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Old 26th January 2011, 08:03   #1
Mike Allfrey
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Default Engine Timing Belt Change Interval

I am still working on a set of technical notes that relate to engine timing belts.

I have made a thorough check of the Owners Handbook, the Service Portfolio and the Brooklands edition of the Rover 75 and MG ZT Workshop Manual and have not found any written information about the intervals at which the engine timing belts should be changed.

Originally I was informed by my Rover dealership here in Melbourne, Australia that the timing belts should be changed at 145,000 kilometres or after six years use, whichever event came first. I have not yet seen this important information written in a MG Rover produced document. To me, this omission is extremely strange.

My selling dealer is now defunct, so I can't check there.

Does anyone in our group know where this important information was written for owners to act upon?

Having visited several Website forums on this subject, I have found out that Holden/Vauxhall Astra/Vectra intervals have been reduced significantly, as have those for Audi cars, in the interest of reducing warranty costs. Bung it back on the customer! Noted also, is the fact that the Rover KV6 and 25K4F engines enjoy the longest timing belt change interval of all.

I believe this subject is/was important enough to warrant a copy of pertinent written notification -- somewhere.

Thanks for help, again,

Mike Allfrey. Rover Car Club of Australia Inc.
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Old 26th January 2011, 08:36   #2
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My 2003 service schedule from Rover, and the Haynes workshop manual, quote six years or 90,000mls. It's a good idea to reduce this a bit bacause of the disasterous results from a broken belt, so why risk it.

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Old 26th January 2011, 09:20   #3
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Hi Mike and welcome....

After reading a few threads here I've got the impression that most are changed around the 90,000 - 100,000km. mark. I think this is mainly due to the fact that on average most people (in UK) do about 16,000km a year, so 6 years. I'm sure you can do the math......

Hope this helps.
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Old 26th January 2011, 11:19   #4
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And of course the R75 diesel has a chain drive which will last the life of the engine.
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Old 26th January 2011, 12:39   #5
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And of course the R75 diesel has a chain drive which will last the life of the engine.

.......which isn't very long........
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Old 26th January 2011, 14:00   #6
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Here's the 2004 official MGR service listing. Cam belt replacement at the recommended 6 years/90K miles is the most cost effective schedule. The OEM belts have a notional ten year life, so MGR knew what they were doing in setting down the schedules. Of course, many people change stuff much earlier, which is their prerogative.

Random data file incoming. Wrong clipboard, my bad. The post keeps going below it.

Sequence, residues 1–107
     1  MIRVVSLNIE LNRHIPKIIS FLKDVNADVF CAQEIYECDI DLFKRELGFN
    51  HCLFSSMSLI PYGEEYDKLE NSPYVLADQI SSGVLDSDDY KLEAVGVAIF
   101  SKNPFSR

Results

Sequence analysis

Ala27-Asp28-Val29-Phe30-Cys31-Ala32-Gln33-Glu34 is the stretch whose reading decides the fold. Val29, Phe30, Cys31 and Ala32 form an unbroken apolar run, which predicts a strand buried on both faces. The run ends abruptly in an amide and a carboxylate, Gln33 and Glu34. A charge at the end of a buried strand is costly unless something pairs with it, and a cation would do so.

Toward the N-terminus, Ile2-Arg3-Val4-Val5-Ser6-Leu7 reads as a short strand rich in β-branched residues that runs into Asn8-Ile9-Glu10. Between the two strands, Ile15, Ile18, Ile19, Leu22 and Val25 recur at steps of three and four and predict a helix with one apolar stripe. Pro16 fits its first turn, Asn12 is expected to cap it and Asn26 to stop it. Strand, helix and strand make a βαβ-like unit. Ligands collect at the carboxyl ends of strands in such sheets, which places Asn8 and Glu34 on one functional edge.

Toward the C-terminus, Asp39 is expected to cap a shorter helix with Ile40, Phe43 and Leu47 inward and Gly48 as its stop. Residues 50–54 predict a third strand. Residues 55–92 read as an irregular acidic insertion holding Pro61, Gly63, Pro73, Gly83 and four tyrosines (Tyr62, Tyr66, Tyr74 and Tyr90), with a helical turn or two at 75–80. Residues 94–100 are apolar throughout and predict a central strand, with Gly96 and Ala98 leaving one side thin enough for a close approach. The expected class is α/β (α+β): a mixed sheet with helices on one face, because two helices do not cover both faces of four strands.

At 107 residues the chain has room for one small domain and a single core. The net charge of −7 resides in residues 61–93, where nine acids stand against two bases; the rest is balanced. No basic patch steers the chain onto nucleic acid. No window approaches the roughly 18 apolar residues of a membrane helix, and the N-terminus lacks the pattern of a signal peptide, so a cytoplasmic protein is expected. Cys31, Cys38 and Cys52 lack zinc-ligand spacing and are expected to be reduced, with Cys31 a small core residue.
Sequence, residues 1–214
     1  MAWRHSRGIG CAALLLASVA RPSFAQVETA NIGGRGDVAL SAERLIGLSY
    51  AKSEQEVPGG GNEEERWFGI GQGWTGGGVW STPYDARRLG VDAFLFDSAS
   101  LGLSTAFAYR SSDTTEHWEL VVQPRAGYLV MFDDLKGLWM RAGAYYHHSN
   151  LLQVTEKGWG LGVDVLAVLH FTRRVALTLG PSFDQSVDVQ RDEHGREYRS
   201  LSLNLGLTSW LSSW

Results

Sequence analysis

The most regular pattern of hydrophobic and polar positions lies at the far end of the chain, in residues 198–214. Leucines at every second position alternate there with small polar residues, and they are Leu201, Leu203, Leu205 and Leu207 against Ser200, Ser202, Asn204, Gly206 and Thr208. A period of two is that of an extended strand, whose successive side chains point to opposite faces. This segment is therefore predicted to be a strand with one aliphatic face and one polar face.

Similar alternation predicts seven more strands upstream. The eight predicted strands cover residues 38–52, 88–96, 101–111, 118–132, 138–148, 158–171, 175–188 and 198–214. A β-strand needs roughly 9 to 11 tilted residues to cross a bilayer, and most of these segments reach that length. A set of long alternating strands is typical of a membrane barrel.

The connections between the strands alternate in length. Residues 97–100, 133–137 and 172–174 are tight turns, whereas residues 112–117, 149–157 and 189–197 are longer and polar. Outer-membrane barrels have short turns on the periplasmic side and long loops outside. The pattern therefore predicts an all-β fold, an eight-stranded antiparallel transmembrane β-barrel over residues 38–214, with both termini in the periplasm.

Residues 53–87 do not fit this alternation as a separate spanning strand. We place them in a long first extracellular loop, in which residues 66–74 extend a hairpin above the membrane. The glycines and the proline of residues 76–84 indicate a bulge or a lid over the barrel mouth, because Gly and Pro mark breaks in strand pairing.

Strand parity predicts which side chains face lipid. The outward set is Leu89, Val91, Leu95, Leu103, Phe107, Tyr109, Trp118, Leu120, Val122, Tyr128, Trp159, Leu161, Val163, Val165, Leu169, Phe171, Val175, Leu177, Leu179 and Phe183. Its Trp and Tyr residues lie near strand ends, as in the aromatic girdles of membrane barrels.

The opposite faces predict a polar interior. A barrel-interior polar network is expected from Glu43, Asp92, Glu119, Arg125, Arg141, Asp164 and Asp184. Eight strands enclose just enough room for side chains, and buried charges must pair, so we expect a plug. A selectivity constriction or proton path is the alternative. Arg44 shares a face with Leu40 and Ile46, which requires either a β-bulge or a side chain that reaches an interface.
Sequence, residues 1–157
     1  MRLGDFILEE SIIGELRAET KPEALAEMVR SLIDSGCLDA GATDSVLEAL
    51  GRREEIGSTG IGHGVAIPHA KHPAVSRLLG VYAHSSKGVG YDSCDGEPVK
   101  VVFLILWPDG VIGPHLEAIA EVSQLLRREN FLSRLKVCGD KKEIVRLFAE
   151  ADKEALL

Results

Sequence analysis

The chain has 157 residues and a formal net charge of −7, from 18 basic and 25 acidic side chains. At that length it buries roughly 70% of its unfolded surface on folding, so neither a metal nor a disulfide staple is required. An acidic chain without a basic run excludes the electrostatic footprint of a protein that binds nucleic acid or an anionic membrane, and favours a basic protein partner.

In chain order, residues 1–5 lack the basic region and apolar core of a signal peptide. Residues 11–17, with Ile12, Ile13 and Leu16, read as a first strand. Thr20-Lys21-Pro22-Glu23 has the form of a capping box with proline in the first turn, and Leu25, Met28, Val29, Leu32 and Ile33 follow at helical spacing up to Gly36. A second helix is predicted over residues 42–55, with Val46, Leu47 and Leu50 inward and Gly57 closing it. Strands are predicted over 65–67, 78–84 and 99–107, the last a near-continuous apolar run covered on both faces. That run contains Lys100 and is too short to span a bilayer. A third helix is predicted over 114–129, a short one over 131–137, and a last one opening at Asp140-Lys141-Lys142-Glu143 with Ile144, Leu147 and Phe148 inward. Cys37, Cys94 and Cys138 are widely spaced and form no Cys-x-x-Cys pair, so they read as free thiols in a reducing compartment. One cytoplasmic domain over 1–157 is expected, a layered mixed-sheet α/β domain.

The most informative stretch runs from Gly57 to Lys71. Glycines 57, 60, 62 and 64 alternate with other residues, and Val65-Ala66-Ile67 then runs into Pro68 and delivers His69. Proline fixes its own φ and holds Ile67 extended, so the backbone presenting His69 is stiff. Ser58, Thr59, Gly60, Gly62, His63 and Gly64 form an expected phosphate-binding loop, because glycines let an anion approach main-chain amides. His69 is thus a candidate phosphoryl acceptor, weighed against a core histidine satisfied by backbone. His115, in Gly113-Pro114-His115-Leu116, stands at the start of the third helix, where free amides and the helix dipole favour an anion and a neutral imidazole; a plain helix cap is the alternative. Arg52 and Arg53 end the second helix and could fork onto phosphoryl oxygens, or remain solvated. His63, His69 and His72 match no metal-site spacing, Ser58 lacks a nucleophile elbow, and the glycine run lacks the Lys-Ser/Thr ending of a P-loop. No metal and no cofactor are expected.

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Old 26th January 2011, 19:16   #7
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Quote:
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.......which isn't very long........
I suppose not------------

Hardly more than ten times that of the 2 litre petrol engine Lol.


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Old 26th January 2011, 21:30   #8
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Hi Folks.

Thanks for that information, and T-Cut, thanks for showing the Service Schedule.

I am still surprised that there is no mention in either the Workshop Manual, nor the Owners Handbook. Especially when the Handbook is of such quality.

I have certainly taken on an interesting task!

Thanks again,

Mike A.
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Old 26th January 2011, 23:07   #9
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Dear T-Cut,

I have had a look at the Service Schedule. Most enlightening, as I have never seen one before! Even though my car was a new purchase.

May I use a portion of the schedule, that shows cam belt change interval, in my notes?

The notes are for club use here in Australia. They will probably be posted on the Internet.

Thanks,

Mike A.
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Old 26th January 2011, 23:14   #10
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Quote:
Originally Posted by Mike Allfrey View Post
I am still surprised that there is no mention in either the Workshop Manual
It is strange from our point of view. I guess the Workshop Manual describes 'how to' rather than 'when to'.

Quote:
- - nor in the Owners Handbook. Especially when the Handbook is of such quality.
MGR didn't anticipate that the owners of these cars would do their own servicing or understand anything remotely technical. That's why they fitted the silly temperature gauge that doesn't say anything but 'everything's fine'. If it goes into the red, the Handbook says 'stop and seek qualified assistance.' They (perhaps correctly) assumed that the driver wasn't likely to be 'qualified'. Indeed, I suspect the vast majority of owners never check the coolant level more than annually, never mind attempt servicing.

EDIT: Please use the servicing information as you wish. Many UK owners will have received a copy of this back in the days.

Last edited by T-Cut; 26th January 2011 at 23:30..
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